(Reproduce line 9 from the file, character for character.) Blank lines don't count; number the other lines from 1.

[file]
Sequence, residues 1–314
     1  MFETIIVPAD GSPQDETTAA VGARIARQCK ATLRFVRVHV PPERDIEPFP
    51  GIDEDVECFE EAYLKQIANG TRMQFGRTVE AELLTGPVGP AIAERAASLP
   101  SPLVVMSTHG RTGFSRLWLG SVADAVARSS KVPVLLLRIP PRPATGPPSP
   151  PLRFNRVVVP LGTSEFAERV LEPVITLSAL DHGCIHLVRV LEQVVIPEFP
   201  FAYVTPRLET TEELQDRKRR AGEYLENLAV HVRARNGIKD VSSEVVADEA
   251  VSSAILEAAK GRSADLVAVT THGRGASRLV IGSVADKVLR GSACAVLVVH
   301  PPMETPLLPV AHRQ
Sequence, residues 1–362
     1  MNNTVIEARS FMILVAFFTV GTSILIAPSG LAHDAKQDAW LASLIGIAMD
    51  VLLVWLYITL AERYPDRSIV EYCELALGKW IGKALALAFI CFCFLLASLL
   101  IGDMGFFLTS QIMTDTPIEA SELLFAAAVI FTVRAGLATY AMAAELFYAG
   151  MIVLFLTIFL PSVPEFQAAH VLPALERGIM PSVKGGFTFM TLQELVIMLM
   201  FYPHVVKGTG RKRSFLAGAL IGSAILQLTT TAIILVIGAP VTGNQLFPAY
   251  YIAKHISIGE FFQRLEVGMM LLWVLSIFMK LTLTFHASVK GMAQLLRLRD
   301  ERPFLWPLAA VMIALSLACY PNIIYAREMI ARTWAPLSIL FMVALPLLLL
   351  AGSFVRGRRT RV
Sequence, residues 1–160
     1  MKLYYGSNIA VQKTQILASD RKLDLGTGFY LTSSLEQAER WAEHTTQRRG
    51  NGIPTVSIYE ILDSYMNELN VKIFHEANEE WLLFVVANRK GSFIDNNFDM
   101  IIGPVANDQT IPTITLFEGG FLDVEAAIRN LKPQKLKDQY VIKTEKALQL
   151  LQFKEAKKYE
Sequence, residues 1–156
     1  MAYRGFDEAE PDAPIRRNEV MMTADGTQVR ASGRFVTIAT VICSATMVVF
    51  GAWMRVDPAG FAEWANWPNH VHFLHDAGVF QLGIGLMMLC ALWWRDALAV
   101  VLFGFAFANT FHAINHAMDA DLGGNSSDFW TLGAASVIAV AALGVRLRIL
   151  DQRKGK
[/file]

Sequence, residues 1–362